You might not be planning for an afterlife, but here’s why I am (letter)
This is to bring another view to the topic dealing with the afterlife that Jay Wissot brought up in his article (“Why I am not planning for the afterlife,” Saturday, April 21).
As he alluded, he is where so many are, thinking about an afterlife but not delving into consider what is available to know only because it will ultimately come down to faith. Such is this life, so better to search and see where it leads. He may be where some have come, disbelieving there is even a God. Such “disbelief” requires belief in quite a few highly improbable things: that life arose at all, that life arose with extremely complex cell structure, that life arose with an extremely complex information system, DNA.
There are other highly improbable beliefs involved in an exclusively material view of the world, such as that the 100s of constants in the universe that happen to be fine tuned for life to exist, that self-aware consciousness came about, that morality is real (this one can be disbelieved but means murder, rape, etc., are just inconveniences). These and many other facts in life, such as all the people who “die” and come back believing in an afterlife, strongly suggest that there is something besides just a material universe.
If there’s a God, then we can consider how those who have gone before us have related to God. Yes, the info leads to a choice that involves faith. His article explains the choice to ignore, in essence, God, and just hope for no consciousness. Two other main ways people have chosen to go are 1) to try to be good, to try to do good works, to obey some religious system of rituals, to obey some set of laws, in order to hope to be right enough with God to be accepted by him. These all require God to grade on a curve, so some will “pass.” A perfect God could not grade on a curve and maintain His perfection.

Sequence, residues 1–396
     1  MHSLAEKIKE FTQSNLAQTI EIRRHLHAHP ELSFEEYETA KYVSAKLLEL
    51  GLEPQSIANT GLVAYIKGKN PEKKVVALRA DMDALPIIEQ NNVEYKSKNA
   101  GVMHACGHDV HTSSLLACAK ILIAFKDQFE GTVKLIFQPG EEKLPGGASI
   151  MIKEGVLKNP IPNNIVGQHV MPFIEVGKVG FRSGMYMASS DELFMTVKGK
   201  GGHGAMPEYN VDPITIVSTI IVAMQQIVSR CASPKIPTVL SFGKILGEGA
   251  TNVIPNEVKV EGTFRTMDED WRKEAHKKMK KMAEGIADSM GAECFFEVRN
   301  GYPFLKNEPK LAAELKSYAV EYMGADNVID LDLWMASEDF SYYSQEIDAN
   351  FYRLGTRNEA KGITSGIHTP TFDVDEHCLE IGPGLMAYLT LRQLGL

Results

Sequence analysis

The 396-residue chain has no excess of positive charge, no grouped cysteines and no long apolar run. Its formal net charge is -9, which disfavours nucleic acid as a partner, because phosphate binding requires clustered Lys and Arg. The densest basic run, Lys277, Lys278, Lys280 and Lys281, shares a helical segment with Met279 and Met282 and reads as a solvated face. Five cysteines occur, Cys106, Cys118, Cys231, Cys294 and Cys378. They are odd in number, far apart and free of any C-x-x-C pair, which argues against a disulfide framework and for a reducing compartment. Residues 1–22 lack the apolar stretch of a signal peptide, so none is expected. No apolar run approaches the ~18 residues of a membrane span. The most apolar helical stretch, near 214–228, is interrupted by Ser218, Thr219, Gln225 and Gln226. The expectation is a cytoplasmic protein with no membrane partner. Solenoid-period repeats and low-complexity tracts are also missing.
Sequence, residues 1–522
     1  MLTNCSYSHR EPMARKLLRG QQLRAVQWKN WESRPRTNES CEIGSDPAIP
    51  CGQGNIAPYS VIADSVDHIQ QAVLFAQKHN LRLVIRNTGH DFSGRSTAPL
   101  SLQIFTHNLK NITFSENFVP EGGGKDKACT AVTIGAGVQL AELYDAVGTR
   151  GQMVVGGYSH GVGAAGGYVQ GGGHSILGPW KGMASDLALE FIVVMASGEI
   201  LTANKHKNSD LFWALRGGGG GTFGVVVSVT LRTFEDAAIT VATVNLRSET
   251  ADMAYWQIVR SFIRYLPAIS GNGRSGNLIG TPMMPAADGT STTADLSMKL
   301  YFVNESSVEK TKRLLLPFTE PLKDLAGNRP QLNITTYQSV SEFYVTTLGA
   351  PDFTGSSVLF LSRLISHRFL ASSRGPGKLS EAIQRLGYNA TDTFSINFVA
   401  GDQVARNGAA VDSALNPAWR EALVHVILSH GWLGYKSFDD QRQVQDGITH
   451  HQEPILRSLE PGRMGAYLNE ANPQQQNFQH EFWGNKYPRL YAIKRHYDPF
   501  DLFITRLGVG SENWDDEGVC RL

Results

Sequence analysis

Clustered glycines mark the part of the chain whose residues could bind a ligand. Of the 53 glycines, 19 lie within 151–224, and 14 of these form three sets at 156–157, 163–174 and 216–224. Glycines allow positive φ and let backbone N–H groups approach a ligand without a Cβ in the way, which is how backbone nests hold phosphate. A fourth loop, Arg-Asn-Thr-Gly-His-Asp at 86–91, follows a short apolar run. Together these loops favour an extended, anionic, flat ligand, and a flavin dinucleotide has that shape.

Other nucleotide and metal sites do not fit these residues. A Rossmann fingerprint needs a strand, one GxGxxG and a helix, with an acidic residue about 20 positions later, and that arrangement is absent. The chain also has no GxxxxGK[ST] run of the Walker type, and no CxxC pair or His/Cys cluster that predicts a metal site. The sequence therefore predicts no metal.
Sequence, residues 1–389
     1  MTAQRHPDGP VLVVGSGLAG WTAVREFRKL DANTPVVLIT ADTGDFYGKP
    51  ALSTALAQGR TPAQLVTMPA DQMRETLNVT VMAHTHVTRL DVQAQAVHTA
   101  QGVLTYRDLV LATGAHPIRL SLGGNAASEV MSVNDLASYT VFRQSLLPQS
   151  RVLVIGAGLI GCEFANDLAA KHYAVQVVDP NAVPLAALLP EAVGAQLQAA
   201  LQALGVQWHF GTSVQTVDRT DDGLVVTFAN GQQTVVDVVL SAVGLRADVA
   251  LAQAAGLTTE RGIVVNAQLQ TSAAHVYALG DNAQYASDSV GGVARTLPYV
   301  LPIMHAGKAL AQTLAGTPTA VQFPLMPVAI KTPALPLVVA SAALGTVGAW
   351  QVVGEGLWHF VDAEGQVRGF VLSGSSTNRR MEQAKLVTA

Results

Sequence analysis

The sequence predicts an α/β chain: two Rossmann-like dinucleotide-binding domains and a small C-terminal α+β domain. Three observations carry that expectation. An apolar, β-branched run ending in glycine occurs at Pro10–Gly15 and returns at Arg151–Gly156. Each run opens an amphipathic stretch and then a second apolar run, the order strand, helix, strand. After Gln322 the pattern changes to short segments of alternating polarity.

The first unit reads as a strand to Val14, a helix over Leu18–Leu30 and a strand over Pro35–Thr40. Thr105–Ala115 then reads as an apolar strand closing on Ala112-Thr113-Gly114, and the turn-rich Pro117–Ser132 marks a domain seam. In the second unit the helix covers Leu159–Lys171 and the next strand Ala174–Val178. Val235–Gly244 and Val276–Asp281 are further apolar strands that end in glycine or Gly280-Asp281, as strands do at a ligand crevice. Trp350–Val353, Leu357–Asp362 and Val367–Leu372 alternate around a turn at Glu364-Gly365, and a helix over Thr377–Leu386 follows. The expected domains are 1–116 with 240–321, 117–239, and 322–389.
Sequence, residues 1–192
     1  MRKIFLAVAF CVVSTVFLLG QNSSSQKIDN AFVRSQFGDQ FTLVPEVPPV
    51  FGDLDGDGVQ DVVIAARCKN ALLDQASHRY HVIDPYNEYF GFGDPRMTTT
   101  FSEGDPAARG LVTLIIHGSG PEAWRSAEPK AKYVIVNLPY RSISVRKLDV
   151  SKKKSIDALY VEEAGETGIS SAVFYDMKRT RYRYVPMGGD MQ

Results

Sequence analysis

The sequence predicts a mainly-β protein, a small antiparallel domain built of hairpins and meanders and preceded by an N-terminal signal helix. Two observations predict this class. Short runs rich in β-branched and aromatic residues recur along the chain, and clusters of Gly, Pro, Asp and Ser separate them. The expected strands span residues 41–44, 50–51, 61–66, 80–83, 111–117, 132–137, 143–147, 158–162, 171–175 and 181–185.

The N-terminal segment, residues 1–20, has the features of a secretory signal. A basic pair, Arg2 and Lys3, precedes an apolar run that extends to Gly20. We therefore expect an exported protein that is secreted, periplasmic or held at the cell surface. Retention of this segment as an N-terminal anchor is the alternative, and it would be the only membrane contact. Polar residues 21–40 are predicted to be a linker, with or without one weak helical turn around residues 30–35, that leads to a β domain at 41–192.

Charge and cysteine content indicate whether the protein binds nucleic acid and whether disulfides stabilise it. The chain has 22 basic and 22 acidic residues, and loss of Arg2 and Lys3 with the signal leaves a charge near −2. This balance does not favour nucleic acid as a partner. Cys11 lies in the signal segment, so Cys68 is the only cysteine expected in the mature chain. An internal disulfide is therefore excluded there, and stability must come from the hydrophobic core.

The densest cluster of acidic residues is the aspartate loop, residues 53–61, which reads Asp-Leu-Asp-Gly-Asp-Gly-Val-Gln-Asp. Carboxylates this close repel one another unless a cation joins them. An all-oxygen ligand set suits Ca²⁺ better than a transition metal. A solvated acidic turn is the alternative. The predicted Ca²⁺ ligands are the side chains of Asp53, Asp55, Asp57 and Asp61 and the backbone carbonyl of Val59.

2) The only other choice is that God provides His own way to consider His creation acceptable. And that’s what millions proclaim in God sending a part of Himself, a “savior,” who satisfies the requirement for perfection and only asks acceptance of that gift from Him in return.
Joyfully, there is then the promise that more than just faith will let a person know this is true. It is His promise that if one seeks, they will find. If one knocks, it will be opened. That’s why people like me come to our conclusion and come to know that it’s the right one: a wonderful relationship ensues. So here’s hoping an educator will seek for himself.
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